A Video Introduction.
Audio recorded and edited using Audacity. Video made using iMovie.
My Audio Script:
I grew up in Syracuse, NY, the second of five boys, in a house affectionately referred to as “The Locker Room.” While all five of us began our schooling at Most Holy Rosary Catholic elementary school, we followed different paths from there—public schools, Catholic schools, independent day schools, and independent boarding schools. I went on to our local public middle and high schools where I earned good grades and a poor education. My grades, test scores, and extracurricular activities allowed me to attend Vanderbilt University where I received an academic ass-kicking for three years, studying Political Science and French, before I figured out, if not how to succeed and thrive, how to no longer get my ass kicked in the classroom.
After graduating from Vanderbilt in 2000, I began teaching at a medium-sized independent day school in Columbus, Ohio. Since then—except for the year that I spent running a restaurant—I have taught at three independent schools—two suburban day schools and one rural boarding school—in three states. I have taught Government, Economics, Ethics, Personal Finance, World Politics, and French; and served in a variety of other roles, as needed by the schools—coach, dorm parent, admissions officer, diversity coordinator, and more.
In 2008, I began the MAED Program at Michigan State and, given my schedule, commitments, and how I learn, I knew that I could only manage to take one class at a time to work toward completing the program. So, when I graduate this Spring, I’ll have taken advantage of the full five-year maximum in order to complete this program. As I mentioned, how I learn led me to spread my course work across five years. I am a slow learner. By that, I don’t mean that I am slow to understand meanings, but that I like to spend time on ideas and to see, hear about, and think about them from a lot of different angles, in various combinations, and to let them sink in in light of those perspectives and possibilities. While I’ve completed a few online learning style quizzes, I don’t really like to categorize myself according to them. I just love learning, and am willing to try new things and to learn in different ways whether it’s comfortable, enjoyable, or not.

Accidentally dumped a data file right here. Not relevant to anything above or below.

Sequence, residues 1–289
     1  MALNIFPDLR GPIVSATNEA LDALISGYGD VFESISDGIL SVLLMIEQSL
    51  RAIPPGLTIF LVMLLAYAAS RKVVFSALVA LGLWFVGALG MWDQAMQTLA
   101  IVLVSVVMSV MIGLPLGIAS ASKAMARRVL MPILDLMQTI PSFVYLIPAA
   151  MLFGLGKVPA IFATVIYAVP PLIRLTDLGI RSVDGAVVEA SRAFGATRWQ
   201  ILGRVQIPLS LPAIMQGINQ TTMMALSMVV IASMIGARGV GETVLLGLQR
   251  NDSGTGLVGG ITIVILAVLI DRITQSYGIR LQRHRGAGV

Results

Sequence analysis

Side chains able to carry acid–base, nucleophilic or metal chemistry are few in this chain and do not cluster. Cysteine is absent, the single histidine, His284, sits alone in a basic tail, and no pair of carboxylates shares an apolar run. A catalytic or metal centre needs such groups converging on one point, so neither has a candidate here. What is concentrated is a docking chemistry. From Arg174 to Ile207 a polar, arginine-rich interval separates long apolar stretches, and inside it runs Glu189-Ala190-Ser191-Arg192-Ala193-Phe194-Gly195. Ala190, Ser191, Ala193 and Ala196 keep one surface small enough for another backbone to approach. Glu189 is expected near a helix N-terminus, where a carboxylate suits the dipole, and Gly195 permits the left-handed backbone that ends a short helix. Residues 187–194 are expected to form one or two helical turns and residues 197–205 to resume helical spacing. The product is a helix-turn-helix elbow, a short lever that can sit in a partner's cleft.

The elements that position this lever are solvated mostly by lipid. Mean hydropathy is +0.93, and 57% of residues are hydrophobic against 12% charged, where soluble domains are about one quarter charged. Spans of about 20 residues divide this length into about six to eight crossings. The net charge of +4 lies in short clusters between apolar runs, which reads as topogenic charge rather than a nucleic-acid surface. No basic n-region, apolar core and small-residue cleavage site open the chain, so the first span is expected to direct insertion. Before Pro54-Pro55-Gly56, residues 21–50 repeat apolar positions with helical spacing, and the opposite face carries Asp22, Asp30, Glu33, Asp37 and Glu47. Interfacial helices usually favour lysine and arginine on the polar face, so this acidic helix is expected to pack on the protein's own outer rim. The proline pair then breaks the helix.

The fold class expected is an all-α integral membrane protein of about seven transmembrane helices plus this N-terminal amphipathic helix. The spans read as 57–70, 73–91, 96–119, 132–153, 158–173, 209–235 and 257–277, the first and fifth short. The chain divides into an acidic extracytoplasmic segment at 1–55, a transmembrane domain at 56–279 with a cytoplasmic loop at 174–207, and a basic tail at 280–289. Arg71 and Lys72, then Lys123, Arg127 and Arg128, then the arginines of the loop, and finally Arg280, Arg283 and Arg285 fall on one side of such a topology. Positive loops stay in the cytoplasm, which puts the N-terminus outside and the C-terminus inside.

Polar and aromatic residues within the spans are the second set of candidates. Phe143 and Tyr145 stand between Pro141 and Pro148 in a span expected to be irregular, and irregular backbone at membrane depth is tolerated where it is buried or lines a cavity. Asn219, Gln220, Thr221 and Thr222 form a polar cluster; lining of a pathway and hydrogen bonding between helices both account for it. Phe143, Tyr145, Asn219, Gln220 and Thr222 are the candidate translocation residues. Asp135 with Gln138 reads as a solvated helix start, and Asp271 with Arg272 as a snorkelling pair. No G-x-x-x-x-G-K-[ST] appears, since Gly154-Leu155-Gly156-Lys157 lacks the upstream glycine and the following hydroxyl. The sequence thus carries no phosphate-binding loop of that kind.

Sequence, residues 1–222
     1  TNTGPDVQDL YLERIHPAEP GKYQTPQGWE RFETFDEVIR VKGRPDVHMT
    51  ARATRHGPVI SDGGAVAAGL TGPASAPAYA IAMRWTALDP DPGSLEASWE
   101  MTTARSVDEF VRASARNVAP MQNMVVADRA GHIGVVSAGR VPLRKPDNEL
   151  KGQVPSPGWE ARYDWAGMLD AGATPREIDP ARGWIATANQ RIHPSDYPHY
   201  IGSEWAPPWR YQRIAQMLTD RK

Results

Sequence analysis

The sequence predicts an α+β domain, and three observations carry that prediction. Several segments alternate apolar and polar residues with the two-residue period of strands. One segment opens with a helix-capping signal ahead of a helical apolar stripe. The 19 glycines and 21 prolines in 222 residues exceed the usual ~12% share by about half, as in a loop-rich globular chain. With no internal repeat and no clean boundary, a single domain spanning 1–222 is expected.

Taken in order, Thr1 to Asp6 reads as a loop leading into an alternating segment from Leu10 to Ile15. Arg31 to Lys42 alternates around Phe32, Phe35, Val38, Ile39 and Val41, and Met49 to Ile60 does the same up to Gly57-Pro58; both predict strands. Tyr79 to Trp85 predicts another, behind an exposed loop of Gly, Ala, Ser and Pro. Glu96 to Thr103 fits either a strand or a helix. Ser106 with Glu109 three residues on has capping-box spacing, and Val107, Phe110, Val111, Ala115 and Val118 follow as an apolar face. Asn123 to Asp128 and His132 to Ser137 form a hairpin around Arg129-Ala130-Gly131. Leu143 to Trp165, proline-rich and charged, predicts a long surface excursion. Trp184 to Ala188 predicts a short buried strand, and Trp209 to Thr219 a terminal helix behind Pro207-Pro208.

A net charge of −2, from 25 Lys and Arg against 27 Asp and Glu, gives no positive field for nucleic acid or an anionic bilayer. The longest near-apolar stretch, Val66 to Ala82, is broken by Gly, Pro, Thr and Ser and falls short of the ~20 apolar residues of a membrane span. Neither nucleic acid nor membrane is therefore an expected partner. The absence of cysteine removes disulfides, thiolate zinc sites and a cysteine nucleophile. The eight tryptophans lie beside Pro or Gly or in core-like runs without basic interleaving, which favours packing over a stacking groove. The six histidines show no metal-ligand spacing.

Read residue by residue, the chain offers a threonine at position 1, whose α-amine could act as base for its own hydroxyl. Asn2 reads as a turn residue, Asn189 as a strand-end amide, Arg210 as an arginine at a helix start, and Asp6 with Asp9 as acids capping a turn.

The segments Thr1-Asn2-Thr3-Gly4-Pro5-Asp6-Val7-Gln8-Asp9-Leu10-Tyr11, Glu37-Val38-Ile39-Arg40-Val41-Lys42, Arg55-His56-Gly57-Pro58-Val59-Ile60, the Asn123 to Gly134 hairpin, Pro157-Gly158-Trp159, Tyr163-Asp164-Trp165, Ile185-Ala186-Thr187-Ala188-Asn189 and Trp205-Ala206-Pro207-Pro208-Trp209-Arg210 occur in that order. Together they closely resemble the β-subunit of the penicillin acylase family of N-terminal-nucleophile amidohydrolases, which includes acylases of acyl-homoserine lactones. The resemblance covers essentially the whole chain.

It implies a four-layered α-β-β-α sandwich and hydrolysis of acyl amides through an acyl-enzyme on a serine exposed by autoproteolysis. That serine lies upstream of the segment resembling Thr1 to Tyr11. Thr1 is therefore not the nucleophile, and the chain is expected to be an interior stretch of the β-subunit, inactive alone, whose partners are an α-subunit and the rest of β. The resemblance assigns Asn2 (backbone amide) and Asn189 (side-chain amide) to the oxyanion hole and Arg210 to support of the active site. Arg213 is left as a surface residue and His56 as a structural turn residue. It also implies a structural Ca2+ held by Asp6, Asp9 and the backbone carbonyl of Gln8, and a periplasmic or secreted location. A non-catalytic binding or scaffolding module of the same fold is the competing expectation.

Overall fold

I signed up for this course because the more I teach, the more I realize that the young people who come to my classroom every school day are not my only audience. There is a whole set of adults, myself included, to be learned from, learned with, and taught in order for my best work to get done for all of the people, group, and organizations that I serve. Also, I recognize that, if I’m going to study and practice Educational Leadership, I will need to consider the learning needs of the adults in the organizations that I’m part of if I am to help them (as well as myself) to do our best work together.
As far as myself, I am married and have two kids—a daughter and a son, who are nearly 5 and nearly 3 respectively. My wife and I are in our fourth year of teaching at the same school, a Pre-K through 12, independent day school in Charlotte, NC, where our daughter just began Pre-K two weeks ago. So, I’m now excited about having started back to school in a new way—as a parent.
It’s going to be fun learning along with all of you this semester.
I’ll see you all online soon.